Miami Heat team president Pat Riley truly embraces the Godfather-esque type of role he has held in the NBA for the majority of his post-playing career. Playing the part with his slicked back hair, fashionable Armani suits and carrying a powerful aura, Riley’s success speaks for itself. However, recent events may have clouded Riley’s judgement on the past.

In a conversation with the Miami Sun Sentinel’s Ira Winderman, Riley said that the acquisition of Shaquille O’Neal, and not the signing of LeBron James or Chris Bosh, or even the trade to acquire Alonzo Mourning, was the biggest transaction in the history of the Heat franchise:

“I’ll say this, and I mean this,” Riley says during a relaxed moment this past week, “Shaq’s acquisition was bigger than any acquisition that we ever made, including the Big Three.”

“Zo was big,” Riley says, “but getting Shaquille changed everything for our franchise.”

“The seminal moment,” Riley says, “to really make us really, really legitimate. He turned our franchise around. He gave us real legitimacy.”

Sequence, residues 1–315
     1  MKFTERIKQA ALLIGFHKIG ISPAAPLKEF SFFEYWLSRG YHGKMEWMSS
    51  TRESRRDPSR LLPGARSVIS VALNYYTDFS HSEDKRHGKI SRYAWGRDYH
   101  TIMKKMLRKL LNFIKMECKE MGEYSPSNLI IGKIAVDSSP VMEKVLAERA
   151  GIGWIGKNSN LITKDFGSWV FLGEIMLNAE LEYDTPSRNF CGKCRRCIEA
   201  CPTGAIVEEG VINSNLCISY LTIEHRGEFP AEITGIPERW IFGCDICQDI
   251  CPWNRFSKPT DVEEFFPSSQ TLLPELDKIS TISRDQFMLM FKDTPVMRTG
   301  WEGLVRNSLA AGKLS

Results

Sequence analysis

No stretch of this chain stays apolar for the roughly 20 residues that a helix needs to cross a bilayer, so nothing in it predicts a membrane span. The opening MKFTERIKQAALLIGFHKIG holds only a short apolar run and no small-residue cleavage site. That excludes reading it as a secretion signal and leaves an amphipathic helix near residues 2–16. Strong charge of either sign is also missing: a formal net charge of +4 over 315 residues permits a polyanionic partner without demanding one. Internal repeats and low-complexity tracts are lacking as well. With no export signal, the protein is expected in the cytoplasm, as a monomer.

This is a rather curious statement by Riley. Now he did clearly say “acquisition” so it’s safe to leave Dwyane Wade — drafted by Miami — out of this discussion. While O’Neal was still an All-Star when the Heat traded for him in 2004 and instrumental in Miami winning its first franchise championship in 2006, it was Wade, not Shaq, who carried the load for them in the Finals comeback against the Dallas Mavericks.

When it comes to LeBron and Bosh, both were extremely instrumental in Miami’s other two championship seasons (2012 and 2013), teaming up with Wade to form a Big Three that may be one of the best three-man pairings of all-time. James was the main star for those Heat teams and it was Riley who helped convince LeBron to come to Miami. Plus LeBron James is LeBron James, arguably the best player in the world. So what is Riley talking about?

Now, Riley’s conversation with Winderman was in regards to O’Neal’s September enshrinement in the Naismith Memorial Basketball Hall of Fame so he may have simply wanted to laud praise on his former center at a special moment in Shaq’s career. But Riley is also not 100 percent wrong either.

The acquisition of O’Neal did help the Heat win their first franchise championship, a very notable achievement which shouldn’t be overlooked. However, it’s especially hard to argue that James, who led the Heat to two rings, didn’t have a bigger impact in Miami than O’Neal.

Riley may just still be bitter that LeBron spurned the Heat to return to Cleveland two years ago. But it seems foolish for him to put O’Neal’s value to franchise over those two superstars. Perhaps he will offer similar praise of James and possibly Bosh when it comes time for them to enter the Hall of Fame.

Courtesy: CBS Sports


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